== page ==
The draw for Wimbledon was relatively kind to defending champion Andy Murray. It was a lot more daunting for top-ranked Rafael Nadal.
Murray, who last year became the first British man to win Wimbledon since Fred Perry in 1936, was drawn Friday to open the defence of his title against 104th-ranked David Goffin of Belgium, who will be playing in the main draw of the grass-court tournament for only the third time.
In the women’s draw, top-ranked and five-time champion Serena Williams is in the same quarter as French Open champion Maria Sharapova. The two could face each other in the quarter-finals.
Murray, who is seeded third this year, has admitted he does not know how he will cope with the pressure of walking onto Centre Court as the defending champion on Monday.
At least he has a relatively smooth path in the draw until the quarter-finals, where he could play seventh-seeded David Ferrer or Grigor Dmitrov, who won last week’s warm-up at Queen’s Club. Then looms a potential semi-final against top-seeded Novak Djokovic – a rematch of last year’s final.
“It will be a proud moment to come back as defending champion,” said Murray, who is now coached by former Wimbledon champion Amelie Mauresmo after parting ways with Ivan Lendl earlier this season. “I don’t know I will feel, I have no idea, I’m sure I will be nervous and fell some pressure, but I’ll try to enjoy it, it’s a new experience for me.”
For Nadal, it’s a lot trickier. The Spaniard, who holds two Wimbledon titles, has not fared well on the grass the past two years, losing in the second round in 2012 and the first round last year.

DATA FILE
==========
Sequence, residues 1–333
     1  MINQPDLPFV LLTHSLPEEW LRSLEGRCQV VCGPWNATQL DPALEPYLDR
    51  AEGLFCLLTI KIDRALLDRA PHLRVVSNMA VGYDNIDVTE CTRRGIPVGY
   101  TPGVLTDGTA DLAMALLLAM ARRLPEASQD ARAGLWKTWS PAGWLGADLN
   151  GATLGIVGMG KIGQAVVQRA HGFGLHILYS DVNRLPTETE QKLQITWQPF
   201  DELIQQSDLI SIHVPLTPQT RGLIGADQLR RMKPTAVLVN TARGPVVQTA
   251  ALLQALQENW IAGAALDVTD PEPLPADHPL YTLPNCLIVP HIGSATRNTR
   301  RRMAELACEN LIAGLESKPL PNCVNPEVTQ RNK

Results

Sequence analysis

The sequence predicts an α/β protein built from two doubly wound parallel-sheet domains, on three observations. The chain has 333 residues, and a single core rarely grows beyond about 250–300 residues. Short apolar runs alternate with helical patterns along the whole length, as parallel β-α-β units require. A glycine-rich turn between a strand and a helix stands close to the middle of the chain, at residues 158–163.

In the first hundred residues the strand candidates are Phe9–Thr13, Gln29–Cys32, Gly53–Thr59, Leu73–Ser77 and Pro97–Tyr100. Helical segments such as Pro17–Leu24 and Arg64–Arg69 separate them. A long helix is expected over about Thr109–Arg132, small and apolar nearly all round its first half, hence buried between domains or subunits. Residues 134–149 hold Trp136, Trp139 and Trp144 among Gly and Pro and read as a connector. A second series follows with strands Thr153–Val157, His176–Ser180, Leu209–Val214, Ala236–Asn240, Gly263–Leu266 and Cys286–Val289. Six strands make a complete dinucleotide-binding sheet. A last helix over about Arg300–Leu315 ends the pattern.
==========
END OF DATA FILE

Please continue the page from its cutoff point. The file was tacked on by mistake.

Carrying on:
The top-ranked Nadal, who is seeded No. 2, will start against No. 57 Martin Klizan of Slovakia. The Spaniard, who won his ninth French Open title earlier this month, could then face Lukas Rosol, who beat him here two years ago.
Nadal, the only man with at least one Grand Slam title in 10 consecutive years, could then be pitted against big-serving Ivo Karlovic in the third round. Looming in the quarter-finals could be another big hitter – eighth-seeded Milos Raonic of Canada. The eighth-seeded Raonic will face Matthew Ebden of Australia in the first round.
Vancouver’s Vasek Pospisil, the No. 31 seed who is in Djokovic’s section of the draw, faces Dutchman Robin Haase. Frank Dancevic of Niagara Falls, Ont., who entered the main draw as a lucky loser, opens against No. 29 seed Ivo Karlovic of Croatia.
Friday’s draw put Murray in the top half with Djokovic, who won Wimbledon in 2011. Nadal is in the bottom half with seven-time champion Roger Federer.
Federer will start against Paolo Lorenzi of Italy and Djokovic will play his first match against Andrey Golubev of Kazakhstan.
Djokovic could meet Jo-Wilfried Tsonga in the fourth round and former finalist Tomas Berdych in the last eight.
Federer, who has lost before the quarter-finals at three of the last four Slams, might face third-ranked and Davis Cup teammate Stan Wawrinka in an all-Swiss encounter in the quarters.
In the absence of defending champion Marion Bartoli, who retired less than six weeks after winning her sole Grand Slam title, last year’s runner-up finalist Sabine Lisicki will open Centre Court play on Tuesday against Julia Glushko.
Sharapova, who defeated Serena Williams in the 2004 final at the age of 17 to win her only Wimbledon title and first Grand Slam championship, will open against Samantha Murray. Williams will take on Anna Tatashvili.
Eugenie Bouchard of Montreal, who is seeded 13th, could end up facing the top ranked Williams in the Round of 16. She opens against Slovak veteran Daniela Hantuchova while Aleksandra Wozniak of Blainville, Que., takes on 10th-seeded Slovak Dominika Cibulkova. Toronto’s Sharon Fichman will face Timea Bacsinszky of Switzerland.
The other potential women’s quarter-finals are: Simona Halep vs. Jelena Jankovic, Victoria Azarenka vs. Agnieszka Radwanska, and Petra Kvitova vs. Li Na.Report Typo/Error